“Glitch” Artists Compose with Software Crashes and Corrupted Files

A theory: one of the drivers of our current wave of nostalgia—lo-fi analog hiss and pop in music and readymade vintage filters in digital photography—is the loss of imperfection. Increasingly powerful technologies render sound and vision too slickly pristine, glossy, hyperreal, and thus impersonal and alien. The latest episode of PBS Arts’ “Off Book” series (above) features a trend toward disrupting digital overproduction by deliberately exploiting the weaknesses in new technologies. Glitch artists makes use of “naturally occurring” (so to speak) corruptions of software, or create their own corruptions in a process called “databending”—opening images as text files, for example, and adding and/or deleting information from the image.

Unlike punk rock, to which glitch is compared by one of the artists above, some glitch art requires a fairly sophisticated understanding of digital technologies. For example, video artist Anton Marini describes how he writes his own software to produce glitch effects. But since virtually anyone can access a pc and standard text and image-editing software, it remains a fairly democratic aesthetic, similar to the bedroom technologies that enable almost anyone to produce and distribute their own musical compositions. There are sites offering tutorials on how to create your own glitch art and even a Flickr account called Glitchbot that will automatically generate glitch images for you, like Hipstamatic or Instagram will convert your careless snapshots into intriguing vintage artifacts. Sound too easy? Maybe, but so was Duchamp’s urinal. Context, as always, matters, and whether glitch art is “art” may ultimately become a historical question. At the moment, glitch images, video and music offer a way to humanize all-too-inhuman corporate products and technologies.

Josh Jones is a doctoral candidate in English at Fordham University and a co-founder and former managing editor of Guernica / A Magazine of Arts and Politics.

by | Permalink | Comments (1) |

Support Open Culture

We’re hoping to rely on our loyal readers rather than erratic ads. To support Open Culture’s educational mission, please consider making a donation. We accept PayPal, Venmo (@openculture), Patreon and Crypto! Please find all options here. We thank you!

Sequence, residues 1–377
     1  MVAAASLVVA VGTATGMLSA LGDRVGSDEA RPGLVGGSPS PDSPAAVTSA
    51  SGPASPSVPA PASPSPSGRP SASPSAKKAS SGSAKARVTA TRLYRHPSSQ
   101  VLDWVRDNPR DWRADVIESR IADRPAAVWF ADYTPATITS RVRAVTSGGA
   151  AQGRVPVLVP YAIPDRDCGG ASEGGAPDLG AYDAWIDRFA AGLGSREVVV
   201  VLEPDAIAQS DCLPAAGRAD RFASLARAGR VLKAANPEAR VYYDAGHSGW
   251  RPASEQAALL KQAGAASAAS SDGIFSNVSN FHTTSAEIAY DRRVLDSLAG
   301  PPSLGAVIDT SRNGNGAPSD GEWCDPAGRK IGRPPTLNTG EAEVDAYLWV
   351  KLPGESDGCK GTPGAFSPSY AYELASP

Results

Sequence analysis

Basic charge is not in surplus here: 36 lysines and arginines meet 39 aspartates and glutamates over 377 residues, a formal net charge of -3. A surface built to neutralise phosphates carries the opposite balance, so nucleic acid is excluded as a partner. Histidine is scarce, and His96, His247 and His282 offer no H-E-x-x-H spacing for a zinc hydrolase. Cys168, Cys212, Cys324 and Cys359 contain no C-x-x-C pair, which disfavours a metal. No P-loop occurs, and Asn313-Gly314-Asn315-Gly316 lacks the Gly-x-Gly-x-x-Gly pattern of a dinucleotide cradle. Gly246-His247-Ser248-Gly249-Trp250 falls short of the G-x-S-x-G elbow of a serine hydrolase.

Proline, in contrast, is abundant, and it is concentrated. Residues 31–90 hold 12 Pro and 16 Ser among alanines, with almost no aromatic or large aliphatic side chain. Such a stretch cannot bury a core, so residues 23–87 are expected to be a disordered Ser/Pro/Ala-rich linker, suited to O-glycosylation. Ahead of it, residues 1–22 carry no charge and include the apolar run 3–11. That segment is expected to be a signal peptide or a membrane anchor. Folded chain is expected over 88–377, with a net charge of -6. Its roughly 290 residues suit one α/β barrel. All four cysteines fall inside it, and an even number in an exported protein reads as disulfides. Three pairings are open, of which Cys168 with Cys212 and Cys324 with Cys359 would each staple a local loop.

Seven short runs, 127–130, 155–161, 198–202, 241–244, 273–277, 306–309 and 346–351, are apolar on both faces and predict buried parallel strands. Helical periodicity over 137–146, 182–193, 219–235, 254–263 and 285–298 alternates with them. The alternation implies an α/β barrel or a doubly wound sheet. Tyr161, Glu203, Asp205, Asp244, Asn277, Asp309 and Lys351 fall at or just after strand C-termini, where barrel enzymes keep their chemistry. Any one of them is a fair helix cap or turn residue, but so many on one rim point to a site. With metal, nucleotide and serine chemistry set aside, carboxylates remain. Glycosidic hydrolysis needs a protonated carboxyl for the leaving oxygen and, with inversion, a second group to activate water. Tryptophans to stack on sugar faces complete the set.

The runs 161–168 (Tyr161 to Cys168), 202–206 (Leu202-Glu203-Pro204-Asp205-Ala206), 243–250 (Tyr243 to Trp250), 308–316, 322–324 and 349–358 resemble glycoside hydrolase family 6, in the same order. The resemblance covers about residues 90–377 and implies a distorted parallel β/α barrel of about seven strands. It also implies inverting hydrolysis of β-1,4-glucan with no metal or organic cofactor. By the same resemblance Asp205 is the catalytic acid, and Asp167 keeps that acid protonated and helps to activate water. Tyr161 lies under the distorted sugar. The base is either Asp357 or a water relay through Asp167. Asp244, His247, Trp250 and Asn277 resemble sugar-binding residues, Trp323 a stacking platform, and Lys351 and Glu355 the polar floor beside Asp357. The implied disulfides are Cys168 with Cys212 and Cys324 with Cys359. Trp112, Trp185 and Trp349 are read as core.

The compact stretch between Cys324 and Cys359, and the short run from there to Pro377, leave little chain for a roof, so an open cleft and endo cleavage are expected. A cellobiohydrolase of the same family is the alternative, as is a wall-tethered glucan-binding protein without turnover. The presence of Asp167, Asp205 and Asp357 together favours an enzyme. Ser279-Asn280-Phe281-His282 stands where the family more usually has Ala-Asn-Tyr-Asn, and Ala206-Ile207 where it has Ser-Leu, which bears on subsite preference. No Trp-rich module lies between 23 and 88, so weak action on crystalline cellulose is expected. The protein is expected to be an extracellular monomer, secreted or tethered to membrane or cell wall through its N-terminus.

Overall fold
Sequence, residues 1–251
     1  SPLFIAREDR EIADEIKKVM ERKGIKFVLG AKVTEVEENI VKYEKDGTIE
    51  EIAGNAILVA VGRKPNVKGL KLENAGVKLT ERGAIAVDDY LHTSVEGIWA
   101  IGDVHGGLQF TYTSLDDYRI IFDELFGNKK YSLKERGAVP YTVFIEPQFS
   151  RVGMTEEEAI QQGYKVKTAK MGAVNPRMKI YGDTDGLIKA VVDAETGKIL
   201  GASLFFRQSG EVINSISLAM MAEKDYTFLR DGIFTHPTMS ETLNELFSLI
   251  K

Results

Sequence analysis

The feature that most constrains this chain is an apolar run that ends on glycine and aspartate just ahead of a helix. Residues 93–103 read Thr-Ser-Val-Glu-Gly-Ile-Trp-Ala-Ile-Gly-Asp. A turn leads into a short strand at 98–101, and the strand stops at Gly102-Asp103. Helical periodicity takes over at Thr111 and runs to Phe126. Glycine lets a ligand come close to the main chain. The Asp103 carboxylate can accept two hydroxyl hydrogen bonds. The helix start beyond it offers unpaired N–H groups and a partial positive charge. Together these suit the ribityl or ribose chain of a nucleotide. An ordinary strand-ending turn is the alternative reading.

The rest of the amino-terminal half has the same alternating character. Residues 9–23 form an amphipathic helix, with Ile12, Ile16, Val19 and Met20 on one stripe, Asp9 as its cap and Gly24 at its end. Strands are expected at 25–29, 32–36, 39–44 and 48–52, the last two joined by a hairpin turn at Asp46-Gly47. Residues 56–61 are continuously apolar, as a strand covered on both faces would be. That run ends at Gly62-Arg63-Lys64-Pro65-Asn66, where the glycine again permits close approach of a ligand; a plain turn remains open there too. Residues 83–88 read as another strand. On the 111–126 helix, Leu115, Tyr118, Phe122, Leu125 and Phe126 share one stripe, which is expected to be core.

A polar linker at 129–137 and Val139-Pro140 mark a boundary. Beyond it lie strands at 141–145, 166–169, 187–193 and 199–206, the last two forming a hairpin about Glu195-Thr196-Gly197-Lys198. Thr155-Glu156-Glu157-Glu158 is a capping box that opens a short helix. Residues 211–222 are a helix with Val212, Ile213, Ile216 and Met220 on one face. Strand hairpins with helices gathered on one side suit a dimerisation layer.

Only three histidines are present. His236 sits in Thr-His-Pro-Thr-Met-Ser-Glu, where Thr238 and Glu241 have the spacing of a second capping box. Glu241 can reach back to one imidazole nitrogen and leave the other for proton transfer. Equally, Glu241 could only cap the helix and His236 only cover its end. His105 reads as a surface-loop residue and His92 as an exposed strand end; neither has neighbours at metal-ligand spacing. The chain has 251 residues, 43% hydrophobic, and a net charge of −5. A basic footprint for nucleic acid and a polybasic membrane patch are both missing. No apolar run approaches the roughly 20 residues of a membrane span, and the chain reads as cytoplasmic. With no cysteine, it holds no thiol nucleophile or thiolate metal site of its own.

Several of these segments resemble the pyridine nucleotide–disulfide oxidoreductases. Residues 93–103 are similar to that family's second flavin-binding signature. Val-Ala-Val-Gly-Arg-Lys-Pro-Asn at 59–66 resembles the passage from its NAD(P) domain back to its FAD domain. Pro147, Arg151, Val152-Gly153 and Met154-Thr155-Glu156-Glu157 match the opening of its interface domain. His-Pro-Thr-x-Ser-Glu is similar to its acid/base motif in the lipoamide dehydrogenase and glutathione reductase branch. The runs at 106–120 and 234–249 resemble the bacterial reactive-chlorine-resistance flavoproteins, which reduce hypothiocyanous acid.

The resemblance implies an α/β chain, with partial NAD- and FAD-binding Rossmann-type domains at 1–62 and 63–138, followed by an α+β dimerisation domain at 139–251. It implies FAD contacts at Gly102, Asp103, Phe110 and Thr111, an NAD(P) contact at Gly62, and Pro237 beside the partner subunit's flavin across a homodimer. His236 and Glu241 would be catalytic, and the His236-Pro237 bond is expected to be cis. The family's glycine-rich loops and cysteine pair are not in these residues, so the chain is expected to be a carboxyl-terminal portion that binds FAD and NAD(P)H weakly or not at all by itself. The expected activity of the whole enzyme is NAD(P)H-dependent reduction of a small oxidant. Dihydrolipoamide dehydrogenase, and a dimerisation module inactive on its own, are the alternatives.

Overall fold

Comments (1)
You can skip to the end and leave a response. Pinging is currently not allowed.
  • marsanyi says:

    This is a great name for a long-standing tradition in the arts. When I was part of the SF Bay Area’s “experimental music” community, there was a lot of focus around subverting and exploiting border cases in the technology as it arrived. Synthesis engines from commercial speech chips, overdriving midi interfaces on commercial synths like the Yamaha DX7, reading vinyl record surfaces with lasers, … I think a lot of it is related to control: as the technology pushes the related culture in defined directions, there’s a subset of the art community that wants to push back. If synth X is built to make it easy to do a certain kind of sound or structure, there’s someone who wants to find out how to make it do something for which it’s not intended. The technology drives the artifacts, but not only by making particular things easy but by making other things hard and encouraging pushback. Of course, it’s a two-way conversation: the manufacturers then take note of what people are doing, and incorporate it into the next round. ‘Course, there’s also the constant re-valueing of what’s interesting based on what’s scarce: before desktop publishing, beautiful layout was interesting; afterward, beautiful hand-crafted layout, and funky lo-fi machine layout, was interesting.

Leave a Reply

Open Culture was founded by Dan Colman.